Welcome Message

Welcome to Hagley Historical and Field Society website. On these pages you will discover something of the history of Hagley and details of our activities. You will find a warm welcome at our meetings which are generally held on the first Tuesday of each month. We enjoy a wide variety of speakers talking on a range of topics relating to the history of Worcestershire, the West Midlands and beyond. Visitors are also welcome to join the full programme of walks and visits. Whilst the majority of our members are happy to enjoy the meetings and other activities, a small group is engaged in active local research; some of their publications may be viewed on this site.

 

If you want instructions on how to navigate around the website click on Website User Guide (0.5MB)

.

Latest News and Updates

Meeting – June 2018

Wednesday, May 9th, 2018

Our next meeting at St Saviour’s Church Hall is on Tuesday 5th June 2018 at 8.00pm when we will have a presentation by Dr Gillian White entitled “Nicholas Hilliard and the Art of the Miniature”. Nicholas Hilliard was an Elizabethan goldsmith best known for his small oval portrait miniatures of members of the courts of Elizabeth I and James I. Gillian White has visited us a number of times and we can be certain of a very entertaining evening. 

Commences 8pm at St Saviour’s Church Hall, DY9 0NS. Visitors are most welcome at all our events – see Home page for details.  Annual membership £10


Newsletter – April 2018

Wednesday, May 9th, 2018

The Belne Brook rises in the valley between Walton and Romsley Hills and flows westward for some nine miles to join the River Stour on the south side of Kidderminster where it is known as Hoo Brook. It had a large influence on the economic activity in our area supporting 25 mills from at least the 13th century, gradually switching from corn milling to metal grinding as the industrial revolution took hold.

Our speaker this month, Tim Booth, informed us that the man who laid the foundation for Belbroughton’s supremacy in scythe making was Isaac Nash who brought Black Country expertise into the village. Nash served his apprenticeship as a forger and plater in Dudley before moving to Belbroughton to take over Newtown Forge in 1840.

At this time the Belbroughton mills worked in combination, one doing the forging or plating and another, the grinding and polishing. Isaac Nash was the first to integrate these processes by taking over neighbouring mills so that he could combine the whole process. By the 1880s Nash owned or rented some eleven mills and forges in the area employing more than one hundred workers.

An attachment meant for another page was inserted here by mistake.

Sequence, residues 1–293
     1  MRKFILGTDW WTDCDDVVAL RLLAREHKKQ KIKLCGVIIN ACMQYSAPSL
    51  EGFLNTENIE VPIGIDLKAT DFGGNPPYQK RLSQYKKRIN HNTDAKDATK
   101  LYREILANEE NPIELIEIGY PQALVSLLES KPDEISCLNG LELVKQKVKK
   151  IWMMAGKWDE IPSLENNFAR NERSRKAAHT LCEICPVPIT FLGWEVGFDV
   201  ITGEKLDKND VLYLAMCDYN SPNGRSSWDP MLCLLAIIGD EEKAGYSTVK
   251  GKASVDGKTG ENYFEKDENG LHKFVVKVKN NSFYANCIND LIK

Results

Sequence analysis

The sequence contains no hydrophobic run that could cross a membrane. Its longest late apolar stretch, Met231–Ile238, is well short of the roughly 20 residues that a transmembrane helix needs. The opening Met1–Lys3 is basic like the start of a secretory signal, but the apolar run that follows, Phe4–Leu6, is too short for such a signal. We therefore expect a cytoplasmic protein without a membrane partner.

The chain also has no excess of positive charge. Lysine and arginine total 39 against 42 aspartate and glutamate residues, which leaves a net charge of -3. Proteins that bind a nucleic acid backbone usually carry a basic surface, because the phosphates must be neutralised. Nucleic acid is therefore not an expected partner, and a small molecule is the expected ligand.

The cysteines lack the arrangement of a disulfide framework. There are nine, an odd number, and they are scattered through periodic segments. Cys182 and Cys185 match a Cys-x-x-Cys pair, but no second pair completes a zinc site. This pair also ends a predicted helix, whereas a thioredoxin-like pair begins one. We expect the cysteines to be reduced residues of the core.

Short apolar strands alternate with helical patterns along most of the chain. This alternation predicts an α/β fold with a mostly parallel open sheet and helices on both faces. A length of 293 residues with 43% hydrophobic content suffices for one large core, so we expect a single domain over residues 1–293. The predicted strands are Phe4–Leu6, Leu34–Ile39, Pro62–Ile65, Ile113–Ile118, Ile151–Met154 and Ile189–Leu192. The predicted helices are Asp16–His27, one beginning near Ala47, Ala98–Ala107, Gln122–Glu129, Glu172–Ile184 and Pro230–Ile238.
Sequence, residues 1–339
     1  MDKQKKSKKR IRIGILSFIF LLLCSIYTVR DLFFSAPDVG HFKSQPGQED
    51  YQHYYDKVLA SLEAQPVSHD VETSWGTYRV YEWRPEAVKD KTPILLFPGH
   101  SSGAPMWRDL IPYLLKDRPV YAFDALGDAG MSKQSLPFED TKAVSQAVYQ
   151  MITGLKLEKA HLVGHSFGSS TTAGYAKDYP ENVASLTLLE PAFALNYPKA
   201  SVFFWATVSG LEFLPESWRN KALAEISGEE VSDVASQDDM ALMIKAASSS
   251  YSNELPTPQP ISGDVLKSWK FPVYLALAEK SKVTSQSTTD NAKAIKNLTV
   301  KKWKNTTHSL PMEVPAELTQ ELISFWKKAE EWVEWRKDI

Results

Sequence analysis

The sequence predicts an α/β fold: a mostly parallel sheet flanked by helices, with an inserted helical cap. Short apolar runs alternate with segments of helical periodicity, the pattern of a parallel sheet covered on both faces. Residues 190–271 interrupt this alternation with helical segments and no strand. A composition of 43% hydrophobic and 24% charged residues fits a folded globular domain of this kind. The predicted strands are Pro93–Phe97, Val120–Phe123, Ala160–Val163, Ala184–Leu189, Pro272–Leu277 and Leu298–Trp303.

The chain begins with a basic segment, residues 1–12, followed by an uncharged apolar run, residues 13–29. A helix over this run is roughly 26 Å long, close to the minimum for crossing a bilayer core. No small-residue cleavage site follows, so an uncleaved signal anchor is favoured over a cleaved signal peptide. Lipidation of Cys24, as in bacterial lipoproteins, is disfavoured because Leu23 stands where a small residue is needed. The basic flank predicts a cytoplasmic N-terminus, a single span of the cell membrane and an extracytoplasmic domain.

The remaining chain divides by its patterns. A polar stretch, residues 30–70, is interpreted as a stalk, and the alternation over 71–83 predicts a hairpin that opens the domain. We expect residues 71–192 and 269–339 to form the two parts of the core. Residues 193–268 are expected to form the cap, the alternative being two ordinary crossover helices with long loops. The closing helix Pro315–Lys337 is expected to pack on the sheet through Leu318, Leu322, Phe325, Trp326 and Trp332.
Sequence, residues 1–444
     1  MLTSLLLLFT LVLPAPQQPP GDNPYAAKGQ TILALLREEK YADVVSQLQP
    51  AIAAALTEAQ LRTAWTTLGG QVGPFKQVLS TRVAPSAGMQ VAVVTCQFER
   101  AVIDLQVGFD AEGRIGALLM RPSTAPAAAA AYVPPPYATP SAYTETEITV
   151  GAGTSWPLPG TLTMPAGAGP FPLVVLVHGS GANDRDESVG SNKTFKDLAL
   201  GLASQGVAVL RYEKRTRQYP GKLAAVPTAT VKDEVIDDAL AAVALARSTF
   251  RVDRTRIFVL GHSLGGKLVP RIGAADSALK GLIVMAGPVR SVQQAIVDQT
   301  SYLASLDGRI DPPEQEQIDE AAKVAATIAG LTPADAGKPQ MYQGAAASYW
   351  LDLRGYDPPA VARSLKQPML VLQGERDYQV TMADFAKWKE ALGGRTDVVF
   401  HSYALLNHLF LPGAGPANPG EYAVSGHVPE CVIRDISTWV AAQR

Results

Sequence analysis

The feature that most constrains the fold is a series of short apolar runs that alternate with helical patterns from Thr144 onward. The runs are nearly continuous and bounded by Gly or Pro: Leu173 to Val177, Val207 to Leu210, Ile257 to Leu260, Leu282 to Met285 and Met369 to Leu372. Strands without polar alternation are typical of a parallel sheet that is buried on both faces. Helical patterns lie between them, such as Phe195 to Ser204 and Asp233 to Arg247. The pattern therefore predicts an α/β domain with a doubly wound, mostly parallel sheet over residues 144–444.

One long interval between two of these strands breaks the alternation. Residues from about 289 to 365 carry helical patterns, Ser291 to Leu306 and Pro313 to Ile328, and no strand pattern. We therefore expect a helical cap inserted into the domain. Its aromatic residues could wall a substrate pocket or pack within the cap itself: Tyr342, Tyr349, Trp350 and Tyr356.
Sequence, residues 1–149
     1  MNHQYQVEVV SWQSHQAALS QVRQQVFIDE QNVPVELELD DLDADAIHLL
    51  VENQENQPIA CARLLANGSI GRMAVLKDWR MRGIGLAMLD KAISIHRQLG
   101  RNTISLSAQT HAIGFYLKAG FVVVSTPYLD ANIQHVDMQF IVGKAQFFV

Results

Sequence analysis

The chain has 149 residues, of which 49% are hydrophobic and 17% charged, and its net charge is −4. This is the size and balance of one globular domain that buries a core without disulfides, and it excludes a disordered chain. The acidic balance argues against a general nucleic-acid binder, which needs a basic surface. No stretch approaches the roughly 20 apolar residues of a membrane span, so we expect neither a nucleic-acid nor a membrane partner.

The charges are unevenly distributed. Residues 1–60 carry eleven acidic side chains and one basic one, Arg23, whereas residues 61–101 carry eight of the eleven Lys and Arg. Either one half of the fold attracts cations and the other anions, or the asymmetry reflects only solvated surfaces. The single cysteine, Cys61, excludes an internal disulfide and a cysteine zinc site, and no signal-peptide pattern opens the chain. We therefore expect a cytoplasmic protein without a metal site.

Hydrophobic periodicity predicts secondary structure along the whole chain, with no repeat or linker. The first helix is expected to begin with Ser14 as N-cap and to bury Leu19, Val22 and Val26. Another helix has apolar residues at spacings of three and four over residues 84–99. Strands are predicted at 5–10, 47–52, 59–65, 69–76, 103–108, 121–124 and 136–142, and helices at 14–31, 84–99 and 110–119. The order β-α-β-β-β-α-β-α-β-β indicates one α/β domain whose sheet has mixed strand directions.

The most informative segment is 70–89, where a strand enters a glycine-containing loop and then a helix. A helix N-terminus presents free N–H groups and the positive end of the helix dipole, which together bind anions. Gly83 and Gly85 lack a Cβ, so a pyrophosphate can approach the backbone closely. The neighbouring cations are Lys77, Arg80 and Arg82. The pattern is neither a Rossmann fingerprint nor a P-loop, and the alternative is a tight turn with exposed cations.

Our next meeting at St Saviour’s Church Hall is on Tuesday 5th June 2018 at 8.00pm when we will have a presentation by Dr Gillian White entitled “Nicholas Hilliard and the Art of the Miniature”. Nicholas Hilliard was an Elizabethan goldsmith best known for his small oval portrait miniatures of members of the courts of Elizabeth I and James I. Gillian White has visited us a number of times and we can be certain of a very entertaining evening. Visitors are most welcome at all our events – see hhfs.org.uk for details and contacts.


Middlefield Lane, Hagley – A Short History

Monday, November 21st, 2016

The idea for this new publication was originally developed by the late Dr Peter Bloore, who lived in Middlefield Lane. He was a member of Hagley Historical and Field Society and also Hagley Parish Archivist. His widow offered the file to the Archive Group and they decided that they would continue his research and aim at publishing a summary of his work plus contributions from people, who lived or had lived in the Lane or had first hand knowledge of the residents. The results are now available as an illustrated book of fifty-two pages.

Middlefield Lane front

Middlefield Lane front

Middlefield Lane back

Middlefield Lane back

The book is priced at £4 and can be purchased from Happy Families or can be ordered online from Hagley History and Field Society.


Hagley Miscellanea written by John-Homery Folkes

Sunday, December 28th, 2014

The book “Hagley Miscellanea” by John-Homery Folkes, the architect of St.Saviour’s Hall, was first published in 1974. It was for private circulation and only 25 copies were printed. Forty years later it is considered sufficiently interesting to merit this reprint. The author (born 1906) has gathered a wide range of reminiscences that together give a picture of Hagley’s inhabitants, houses, industries, celebrations and entertainments in the century and more before the explosion of house-building in the 1960s.

The book includes: the early days of the railway station; the building of St. Saviour’s church and planning the cemetery; houses large and small; an attempt at encroachment in Church Street; the Rifle Corps and the Range; the nursemaid question!; Hagley celebrities; the Sunday postal delivery and church attendance and an eyewitness account of the fire at Hagley Hall on Christmas Eve 1925. The “Illustrations” section includes the programme for the Coronation Celebration of June 1911.

Click on book to view first few pages

The book is priced at £5 and can be purchased from Happy Families or can be ordered online from Hagley History and Field Society.


Hagley: A Village at War 1914 – 1918

Thursday, May 29th, 2014

The Society has now launched a new book entitled ‘Hagley: A Village at War 1914 – 1918’, researched and written by local author and member, Pat Dunn. It is based on the ‘Hagley Parish Magazines’ of the period and describes how the people of Hagley dealt with the problems presented by the Great War on the Home Front. The people and places featured on the front cover of June’s issue of the Hagley Village News feature in the book along with many others.

The book is priced at £4 and can be purchased at the Hagley Library or ordered online. Click on the book cover below to view the first few pages.

Click on book to view first few pages